Applications in "The App Store" are targeted at iOS devices, including iPhones and iPads, and may make use of specific attributes of those devices, such as motion sensors for game controls and cameras for online video calling. Apps may be downloaded for free or for a set cost, and they may include in-app monetization (costs levied through buyable features and/or advertising). Apple takes 30 percent of all revenue generated through apps, and 70 percent goes to the app's publisher.

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#### How Sudoku Connects To App Store (iOS)

• In fact, just two weeks after Apple Inc. debuted the online App Store within its iTunes Store on July 11, 2008, there were already nearly 30 different Sudoku games, created by various software developers, specifically for the iPhone and iPod Touch. from Sudoku

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Quincunx A quincunx /ˈkwɪn.kʌŋks/ is a geometric pattern consisting of five points arranged in a cross, with four of them…
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A quincunx /ˈkwɪn.kʌŋks/ is a geometric pattern consisting of five points arranged in a cross, with four of them forming a square or rectangle and a fifth at its center. It forms the arrangement of five units in the pattern corresponding to the five-spot on six-sided dice, playing cards, or dominoes. It is represented in Unicode as U+2059 ⁙ five dot punctuation or (for the dice pattern) U+2684 ⚄ die face-5.

#### How Sudoku Connects To Quincunx

• Five 9×9 grids that overlap at the corner regions in the shape of a quincunx is known in Japan as Gattai 5 (five merged) Sudoku. from Sudoku

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Hexadecimal In mathematics and computing, hexadecimal (also base 16, or hex) is a positional numeral system with a radix, or…
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In mathematics and computing, hexadecimal (also base 16, or hex) is a positional numeral system with a radix, or base, of 16. It uses sixteen distinct symbols, most often the symbols 09 to represent values zero to nine, and A, B, C, D, E, F (or alternatively af) to represent values ten to fifteen. Hexadecimal…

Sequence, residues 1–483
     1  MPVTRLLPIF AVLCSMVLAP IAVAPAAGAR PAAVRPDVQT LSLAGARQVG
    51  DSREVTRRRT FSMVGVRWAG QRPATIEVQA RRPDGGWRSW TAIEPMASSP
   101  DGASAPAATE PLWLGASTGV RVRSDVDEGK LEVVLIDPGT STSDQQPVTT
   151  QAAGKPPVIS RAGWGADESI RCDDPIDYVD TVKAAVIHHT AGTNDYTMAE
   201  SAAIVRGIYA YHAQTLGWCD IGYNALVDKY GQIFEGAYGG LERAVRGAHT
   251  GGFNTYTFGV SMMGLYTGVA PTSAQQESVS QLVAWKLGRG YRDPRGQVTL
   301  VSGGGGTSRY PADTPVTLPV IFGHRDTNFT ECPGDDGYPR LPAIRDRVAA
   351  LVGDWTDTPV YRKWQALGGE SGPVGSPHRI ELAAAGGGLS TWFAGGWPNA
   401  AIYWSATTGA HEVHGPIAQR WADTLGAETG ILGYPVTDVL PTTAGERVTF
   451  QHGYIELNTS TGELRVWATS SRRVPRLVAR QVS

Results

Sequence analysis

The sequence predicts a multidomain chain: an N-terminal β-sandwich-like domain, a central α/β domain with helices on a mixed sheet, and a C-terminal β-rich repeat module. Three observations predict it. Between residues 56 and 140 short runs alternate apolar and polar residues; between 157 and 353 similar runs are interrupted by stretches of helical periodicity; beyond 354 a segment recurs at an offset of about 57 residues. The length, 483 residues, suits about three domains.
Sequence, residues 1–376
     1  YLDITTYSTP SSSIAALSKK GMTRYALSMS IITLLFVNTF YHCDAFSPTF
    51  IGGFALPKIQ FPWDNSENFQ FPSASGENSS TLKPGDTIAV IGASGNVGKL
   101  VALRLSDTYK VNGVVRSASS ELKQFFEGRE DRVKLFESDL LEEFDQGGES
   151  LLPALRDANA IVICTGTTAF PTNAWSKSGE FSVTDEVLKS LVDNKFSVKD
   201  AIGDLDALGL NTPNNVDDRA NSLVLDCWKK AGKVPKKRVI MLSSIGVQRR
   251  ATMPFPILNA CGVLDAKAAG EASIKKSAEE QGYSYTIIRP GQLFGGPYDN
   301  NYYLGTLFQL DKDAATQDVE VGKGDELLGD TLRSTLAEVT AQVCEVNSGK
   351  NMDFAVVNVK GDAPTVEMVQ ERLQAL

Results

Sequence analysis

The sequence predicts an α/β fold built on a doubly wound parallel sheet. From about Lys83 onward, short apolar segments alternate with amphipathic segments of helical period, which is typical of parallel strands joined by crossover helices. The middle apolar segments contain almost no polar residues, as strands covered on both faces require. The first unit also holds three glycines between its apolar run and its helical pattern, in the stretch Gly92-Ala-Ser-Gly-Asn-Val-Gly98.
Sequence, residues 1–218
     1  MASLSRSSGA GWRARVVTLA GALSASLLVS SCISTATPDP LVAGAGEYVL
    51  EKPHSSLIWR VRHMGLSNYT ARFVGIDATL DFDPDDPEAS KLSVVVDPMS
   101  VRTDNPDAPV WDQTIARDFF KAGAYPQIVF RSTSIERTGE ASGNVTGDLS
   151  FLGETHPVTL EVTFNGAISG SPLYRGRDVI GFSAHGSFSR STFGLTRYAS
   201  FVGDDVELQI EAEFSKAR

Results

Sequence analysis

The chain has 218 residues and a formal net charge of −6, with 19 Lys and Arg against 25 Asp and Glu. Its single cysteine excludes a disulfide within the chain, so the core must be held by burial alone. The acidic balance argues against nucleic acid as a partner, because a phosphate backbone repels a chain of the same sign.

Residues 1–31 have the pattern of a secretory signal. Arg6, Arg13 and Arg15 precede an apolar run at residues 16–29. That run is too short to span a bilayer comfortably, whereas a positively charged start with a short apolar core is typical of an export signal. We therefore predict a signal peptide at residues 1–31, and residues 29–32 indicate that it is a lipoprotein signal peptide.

In mathematics and computing, hexadecimal (also base 16, or hex) is a positional numeral system with a radix, or base, of 16. It uses sixteen distinct symbols, most often the symbols 09 to represent values zero to nine, and A, B, C, D, E, F (or alternatively af) to represent values ten to fifteen. Hexadecimal numerals are widely used by computer systems designers and programmers. In computing, hexadecimal numerals are usually written with a prefix, "0x" (in reference to the abbreviated pronunciation of "hexadecimal"). Alternately, some authors denote hexadecimal values using a suffix or subscript. For example, one could write 0x2AF3 or 2AF316, depending on the choice of notation.
As an example, the hexadecimal number 2AF316 can be converted to an equivalent decimal representation. Observe that 2AF316 is equal to a sum of (200016 + A0016 + F016 + 316), by decomposing the numeral into a series of place value terms. Converting each term to decimal, one can further write: (216 × 163) + (A16 × 162) + (F16 × 161) + (316 × 160),
(2 × 4096) + (10 × 256) + (15 × 16) + (3 × 1), or 10995.
Each hexadecimal digit represents four binary digits (bits), and the primary use of hexadecimal notation is a human-friendly representation of binary-coded values in computing and digital electronics. One hexadecimal digit represents a nibble, which is half of an octet or byte (8 bits). For example, byte values can range from 0 to 255 (decimal), but may be more conveniently represented as two hexadecimal digits in the range 00 to FF. Hexadecimal is also commonly used to represent computer memory addresses.

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#### How Sudoku Connects To Hexadecimal

• Dell Magazines regularly publishes 16×16 "Number Place Challenger" puzzles (the 16×16 variant often uses 1 through G rather than the 0 through F used in hexadecimal). from Sudoku

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Nintendo DS The Nintendo DS (ニンテンドーDS, Nintendō DS) is a dual-screen handheld game console developed and released by Nintendo…
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The Nintendo DS (ニンテンドーDS, Nintendō DS) is a dual-screen handheld game console developed and released by Nintendo. The device went on sale in North America on November 21, 2004. The DS, short for "Developers' System" or "Dual Screen", introduced distinctive new features to handheld gaming: two LCD screens working in tandem (the bottom one featuring…